“Churchill’s harrowing bioethics fable leaves us with a number of things to chew on.”
December 12th, 2010
Caryl Churchill’s neat but untidy cloning conversation piece, written in 2002 at the height of the Dolly-the-sheep media frenzy, is no sci-fi affair. The playwright instead uses the conceit of human cloning as a keenly focused new lens for viewing parent-child relations. At the play’s opening, a young man (Tony Bozzuto) is telling his father (Patrick Blashill) about the unsettling news he’s just received from the hospital: There are more of him out there. The revelation that his son has genetic twins scattered about—not just one or two, but “a number”—unnerves the father, but in a different way; his first move is to assign blame, to anyone but himself.
In BackStage’s production, played out on scenic designer Angela M. Campos’s claustrophobic, hexagon-shaped stage, Blashill is nicely understated as a once-failed dad who wanted to scrap it and start over again—surely an instinct many parents have felt at desperate moments, even if most wouldn’t dream of following through. Bozzuto sharply differentiates three characters who share the same chromosomes: One is timid and passive, another coldly violent, carefree and confident, each with his own subtly discrete physicality and vocal quality. Director Karen Kessler leaves a bit too much air in each of the play’s five movements; even at one hour the production feels just slightly overinflated. But as Blashill crumbles under mounting guilt and, soon, grief, Churchill’s harrowing bioethics fable leaves us with a number of things to chew on.
- Kris Vire, Time Out Chicago
“A tightly wound, but feverish play..”
“With a stark but intriguing design by Angela M. Campos, Karen Kessler’s production is a visually classy affair.”
“Patrick Blashill offers an emotional and moving performance.”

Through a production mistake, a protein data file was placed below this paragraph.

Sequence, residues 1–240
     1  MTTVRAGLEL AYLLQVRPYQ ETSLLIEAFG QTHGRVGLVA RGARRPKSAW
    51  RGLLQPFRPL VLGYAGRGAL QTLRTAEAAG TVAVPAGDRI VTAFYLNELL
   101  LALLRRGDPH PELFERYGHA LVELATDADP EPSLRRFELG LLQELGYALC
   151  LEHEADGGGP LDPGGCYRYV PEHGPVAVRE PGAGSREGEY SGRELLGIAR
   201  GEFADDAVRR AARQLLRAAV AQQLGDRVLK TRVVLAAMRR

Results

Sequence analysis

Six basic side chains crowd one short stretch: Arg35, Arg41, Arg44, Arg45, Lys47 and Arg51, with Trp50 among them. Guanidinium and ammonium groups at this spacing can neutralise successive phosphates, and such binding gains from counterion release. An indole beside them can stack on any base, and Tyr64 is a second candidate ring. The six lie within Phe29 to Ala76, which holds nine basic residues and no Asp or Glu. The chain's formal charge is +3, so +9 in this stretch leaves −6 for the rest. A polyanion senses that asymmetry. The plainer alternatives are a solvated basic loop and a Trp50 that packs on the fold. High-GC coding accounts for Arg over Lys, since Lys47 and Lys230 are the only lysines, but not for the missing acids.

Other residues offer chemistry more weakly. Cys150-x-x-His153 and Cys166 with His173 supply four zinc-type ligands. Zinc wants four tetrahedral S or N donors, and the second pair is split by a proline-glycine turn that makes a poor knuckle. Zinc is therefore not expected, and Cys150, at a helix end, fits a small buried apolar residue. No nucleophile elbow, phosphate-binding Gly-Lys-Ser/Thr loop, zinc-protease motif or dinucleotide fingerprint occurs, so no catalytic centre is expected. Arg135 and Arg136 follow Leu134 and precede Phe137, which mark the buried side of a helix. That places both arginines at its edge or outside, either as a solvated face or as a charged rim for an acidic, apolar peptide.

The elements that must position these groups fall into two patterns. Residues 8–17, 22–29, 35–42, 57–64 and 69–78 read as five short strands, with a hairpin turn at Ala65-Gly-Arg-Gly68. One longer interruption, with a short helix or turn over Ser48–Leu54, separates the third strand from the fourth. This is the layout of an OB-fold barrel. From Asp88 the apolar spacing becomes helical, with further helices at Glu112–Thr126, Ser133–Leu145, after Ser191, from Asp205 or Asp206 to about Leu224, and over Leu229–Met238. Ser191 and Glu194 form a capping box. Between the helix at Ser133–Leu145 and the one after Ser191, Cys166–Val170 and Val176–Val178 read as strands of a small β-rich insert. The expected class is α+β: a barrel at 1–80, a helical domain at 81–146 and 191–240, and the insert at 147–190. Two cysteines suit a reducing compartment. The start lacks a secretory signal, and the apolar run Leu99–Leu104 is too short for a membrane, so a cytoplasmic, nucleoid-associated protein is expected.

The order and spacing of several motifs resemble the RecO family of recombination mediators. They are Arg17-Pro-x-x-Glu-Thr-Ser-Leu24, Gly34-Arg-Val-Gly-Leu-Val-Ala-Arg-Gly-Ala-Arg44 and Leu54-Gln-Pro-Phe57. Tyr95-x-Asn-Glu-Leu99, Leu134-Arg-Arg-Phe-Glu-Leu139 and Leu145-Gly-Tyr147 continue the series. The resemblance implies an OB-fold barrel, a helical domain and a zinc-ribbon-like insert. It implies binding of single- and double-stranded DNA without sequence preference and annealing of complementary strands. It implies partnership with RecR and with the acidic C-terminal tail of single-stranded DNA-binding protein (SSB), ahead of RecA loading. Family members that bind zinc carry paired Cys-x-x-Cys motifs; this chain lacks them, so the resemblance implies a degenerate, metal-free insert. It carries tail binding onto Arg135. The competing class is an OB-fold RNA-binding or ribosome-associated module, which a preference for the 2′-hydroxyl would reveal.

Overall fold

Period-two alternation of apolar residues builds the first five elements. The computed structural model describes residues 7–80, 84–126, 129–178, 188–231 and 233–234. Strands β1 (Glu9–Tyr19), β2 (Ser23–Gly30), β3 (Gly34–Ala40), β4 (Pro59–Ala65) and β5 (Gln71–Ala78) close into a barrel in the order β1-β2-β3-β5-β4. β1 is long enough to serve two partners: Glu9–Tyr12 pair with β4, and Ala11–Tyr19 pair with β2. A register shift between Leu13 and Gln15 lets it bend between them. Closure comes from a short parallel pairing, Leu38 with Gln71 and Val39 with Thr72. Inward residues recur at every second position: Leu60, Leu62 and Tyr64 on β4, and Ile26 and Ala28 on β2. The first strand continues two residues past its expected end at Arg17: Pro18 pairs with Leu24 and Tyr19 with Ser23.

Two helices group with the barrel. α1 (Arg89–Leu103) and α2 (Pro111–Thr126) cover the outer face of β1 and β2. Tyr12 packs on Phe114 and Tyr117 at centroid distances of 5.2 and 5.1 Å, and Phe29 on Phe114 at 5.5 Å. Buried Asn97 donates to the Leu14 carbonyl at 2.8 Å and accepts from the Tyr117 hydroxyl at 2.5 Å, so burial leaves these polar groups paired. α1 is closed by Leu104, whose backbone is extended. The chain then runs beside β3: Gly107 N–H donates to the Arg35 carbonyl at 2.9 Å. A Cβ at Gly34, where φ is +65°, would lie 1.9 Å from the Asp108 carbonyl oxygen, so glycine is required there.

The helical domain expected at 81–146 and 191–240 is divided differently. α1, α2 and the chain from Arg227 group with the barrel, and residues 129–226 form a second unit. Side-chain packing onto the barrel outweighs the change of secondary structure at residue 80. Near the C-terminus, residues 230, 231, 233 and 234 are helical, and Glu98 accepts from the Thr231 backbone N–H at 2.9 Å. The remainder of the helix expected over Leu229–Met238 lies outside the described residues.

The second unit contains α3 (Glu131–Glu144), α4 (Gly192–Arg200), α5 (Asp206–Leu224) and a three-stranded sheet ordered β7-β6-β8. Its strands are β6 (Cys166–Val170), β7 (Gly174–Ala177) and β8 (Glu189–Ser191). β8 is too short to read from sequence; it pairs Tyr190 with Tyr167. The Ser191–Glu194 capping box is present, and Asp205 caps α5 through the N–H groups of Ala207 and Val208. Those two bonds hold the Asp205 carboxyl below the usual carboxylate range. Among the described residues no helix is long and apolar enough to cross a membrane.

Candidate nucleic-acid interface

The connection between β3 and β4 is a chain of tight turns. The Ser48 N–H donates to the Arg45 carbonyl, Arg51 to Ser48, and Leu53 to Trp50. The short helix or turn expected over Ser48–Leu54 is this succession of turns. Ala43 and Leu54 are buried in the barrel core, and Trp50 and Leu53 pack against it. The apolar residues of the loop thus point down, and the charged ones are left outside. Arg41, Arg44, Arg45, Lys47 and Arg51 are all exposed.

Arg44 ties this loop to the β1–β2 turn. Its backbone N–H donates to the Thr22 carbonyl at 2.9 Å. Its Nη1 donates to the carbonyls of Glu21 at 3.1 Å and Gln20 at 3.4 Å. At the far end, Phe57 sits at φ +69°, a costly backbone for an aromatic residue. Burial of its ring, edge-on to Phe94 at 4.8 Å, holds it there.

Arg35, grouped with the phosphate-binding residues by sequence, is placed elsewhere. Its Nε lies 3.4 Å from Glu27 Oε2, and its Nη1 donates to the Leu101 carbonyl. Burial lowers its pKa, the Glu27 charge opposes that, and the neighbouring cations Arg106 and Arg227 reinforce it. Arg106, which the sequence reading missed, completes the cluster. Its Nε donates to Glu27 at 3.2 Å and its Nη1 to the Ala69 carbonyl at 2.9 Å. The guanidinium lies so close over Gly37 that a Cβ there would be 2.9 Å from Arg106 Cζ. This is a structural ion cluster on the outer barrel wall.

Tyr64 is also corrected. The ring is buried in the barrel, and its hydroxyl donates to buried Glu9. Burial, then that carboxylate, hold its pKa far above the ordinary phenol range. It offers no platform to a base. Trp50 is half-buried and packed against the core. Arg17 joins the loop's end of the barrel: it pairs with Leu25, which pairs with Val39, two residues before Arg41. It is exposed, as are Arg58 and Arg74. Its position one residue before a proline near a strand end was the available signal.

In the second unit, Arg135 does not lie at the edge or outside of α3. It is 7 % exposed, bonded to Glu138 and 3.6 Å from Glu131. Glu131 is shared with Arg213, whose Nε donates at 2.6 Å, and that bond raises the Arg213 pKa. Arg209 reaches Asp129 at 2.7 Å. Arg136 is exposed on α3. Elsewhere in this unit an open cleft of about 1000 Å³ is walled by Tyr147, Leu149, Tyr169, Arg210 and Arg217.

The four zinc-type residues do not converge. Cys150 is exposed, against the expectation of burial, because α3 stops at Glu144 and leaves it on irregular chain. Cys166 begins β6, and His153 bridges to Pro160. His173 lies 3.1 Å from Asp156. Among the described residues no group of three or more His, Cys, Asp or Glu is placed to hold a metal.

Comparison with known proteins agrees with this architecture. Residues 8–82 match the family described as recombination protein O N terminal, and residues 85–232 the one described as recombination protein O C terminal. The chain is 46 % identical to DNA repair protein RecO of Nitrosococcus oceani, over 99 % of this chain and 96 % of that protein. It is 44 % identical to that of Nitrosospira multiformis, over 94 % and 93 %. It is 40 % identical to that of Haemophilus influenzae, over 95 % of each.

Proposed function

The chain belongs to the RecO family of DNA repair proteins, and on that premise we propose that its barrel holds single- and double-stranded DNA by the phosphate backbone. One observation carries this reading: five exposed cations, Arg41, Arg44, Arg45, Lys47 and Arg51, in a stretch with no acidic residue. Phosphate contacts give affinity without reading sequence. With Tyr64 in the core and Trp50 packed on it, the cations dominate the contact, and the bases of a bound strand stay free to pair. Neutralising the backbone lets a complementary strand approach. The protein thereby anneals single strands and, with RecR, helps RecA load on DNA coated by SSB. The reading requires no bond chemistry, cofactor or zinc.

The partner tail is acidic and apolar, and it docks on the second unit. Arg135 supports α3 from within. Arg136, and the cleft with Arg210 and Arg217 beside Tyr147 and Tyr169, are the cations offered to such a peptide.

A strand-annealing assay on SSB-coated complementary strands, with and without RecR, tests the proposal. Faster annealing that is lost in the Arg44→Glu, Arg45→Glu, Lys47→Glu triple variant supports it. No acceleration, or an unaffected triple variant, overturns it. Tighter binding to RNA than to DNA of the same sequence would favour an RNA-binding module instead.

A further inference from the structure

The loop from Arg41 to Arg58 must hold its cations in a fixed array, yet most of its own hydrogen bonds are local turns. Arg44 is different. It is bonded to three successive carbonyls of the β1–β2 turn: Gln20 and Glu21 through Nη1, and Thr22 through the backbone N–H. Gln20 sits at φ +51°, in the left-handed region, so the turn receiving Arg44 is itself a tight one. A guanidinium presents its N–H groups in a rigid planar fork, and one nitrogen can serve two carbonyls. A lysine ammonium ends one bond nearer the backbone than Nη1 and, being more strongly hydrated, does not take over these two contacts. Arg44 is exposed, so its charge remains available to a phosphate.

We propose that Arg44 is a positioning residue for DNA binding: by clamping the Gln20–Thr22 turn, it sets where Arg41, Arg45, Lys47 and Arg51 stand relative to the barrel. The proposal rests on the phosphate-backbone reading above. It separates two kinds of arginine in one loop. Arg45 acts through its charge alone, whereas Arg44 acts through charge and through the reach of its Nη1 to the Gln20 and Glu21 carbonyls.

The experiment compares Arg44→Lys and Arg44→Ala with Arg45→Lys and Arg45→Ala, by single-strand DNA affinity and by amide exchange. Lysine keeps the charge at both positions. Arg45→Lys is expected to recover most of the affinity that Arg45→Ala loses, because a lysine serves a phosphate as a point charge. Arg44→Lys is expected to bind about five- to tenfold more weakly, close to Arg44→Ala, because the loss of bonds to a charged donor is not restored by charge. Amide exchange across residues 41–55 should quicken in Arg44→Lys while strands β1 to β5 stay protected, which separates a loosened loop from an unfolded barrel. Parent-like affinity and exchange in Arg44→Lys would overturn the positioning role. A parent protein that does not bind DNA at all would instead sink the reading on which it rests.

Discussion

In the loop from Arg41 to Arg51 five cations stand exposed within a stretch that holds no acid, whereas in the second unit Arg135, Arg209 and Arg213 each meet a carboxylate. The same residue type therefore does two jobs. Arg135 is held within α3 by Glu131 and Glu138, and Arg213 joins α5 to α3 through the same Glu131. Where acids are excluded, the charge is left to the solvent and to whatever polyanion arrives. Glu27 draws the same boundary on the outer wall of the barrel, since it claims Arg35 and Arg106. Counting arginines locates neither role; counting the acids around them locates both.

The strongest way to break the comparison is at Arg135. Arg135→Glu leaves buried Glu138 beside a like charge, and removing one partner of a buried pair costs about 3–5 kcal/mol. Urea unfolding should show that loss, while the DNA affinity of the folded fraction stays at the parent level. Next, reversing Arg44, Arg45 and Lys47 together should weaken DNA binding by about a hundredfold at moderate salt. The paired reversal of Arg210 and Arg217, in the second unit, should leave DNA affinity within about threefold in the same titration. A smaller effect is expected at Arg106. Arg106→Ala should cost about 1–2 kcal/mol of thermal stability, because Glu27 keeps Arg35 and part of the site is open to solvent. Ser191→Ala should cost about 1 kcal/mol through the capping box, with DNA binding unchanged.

“This will get you and your date, or you and yourself, talking about matters of substance.”
December 12th, 2009
You don’t hear so much these days about Dolly the Sheep, but when Caryl Churchill’s “A Number” was first performed in 2002 (starring Daniel Craig, actually), cloning was a hotly debated issue. First kittens, the widespread worries went, then people.
Churchill’s taut, two-character play (it’s only 70 minutes long) is partly a cautionary riff on the dangers of an unscrupulous someone getting hold of our genes and making more of us — although some of us can’t see much external value in that — and creating a situation where we might one day walk down the street and run into ourselves. But it’s mostly an exploration of how human cloning might explode the natural bonds upon which our lives are built.
Watching Karen Kessler’s new production for the Backstage Theatre Company — an itinerant company currently working at the Building Stage in the theatrically underserved West Loop — one is struck anew by how much more comfortable we’ve become over the past decade with the intrusion of technology in human reproduction. I’d argue that we’re also now less worried — perhaps foolishly — that labs will suddenly start churning out folks for other folks to buy at Wal-Mart. Thus “A Number” does not so much feel like a cutting-edge drama as almost a period piece. Which does not mean it is without interest or potency.
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Churchill’s tightly wound but feverish play begins with a father (played by Patrick Blashill) being confronted by an only son (Tony Bozzuto) who has just discovered that he is not as “only” as he thought. The play’s conceit, of course, allows the actor playing the son to play not only himself but his clones, and, as the drama progresses, things move in that dramatic direction. To dad’s horror.
With a stark but intriguing design from Angela M. Campos at its center, Kessler’s production is a visually classy, if slightly underpaced, affair. As a man confronted with a crippling explosion of his parental identity, Blashill offers an emotional and, at times, rather moving performance. Churchill clearly intends this culpable character to undergo an agonizing discovery in the classic tragic fashion, and you feel that here. Wisely, Blashill keeps things very much in the present tense. You’re right there with him as he realizes that he has just destroyed the very thing that matters most to his beloved son: his individuality.
Bozzuto, though, has the much tougher assignment, playing three separate characters who happen to share exactly the same face. Bozzuto is an appealing, likeable and spontaneous actor, but his young men aren’t as sharply distinct as would be ideal, nor do he and Kessler fully show us what the trauma of suddenly losing his sense of self is really costing him. This is a life-and-death change in circumstances, as things turn out, yet the stakes in this production don’t fully rise as they should.
But I’ll say this. As a quick amuse bouche before dinner at one of those clone-free West Loop eateries, this will at least get you and your date, or you and yourself, talking about matters of substance.
- Chris Jones, Chicago Tribune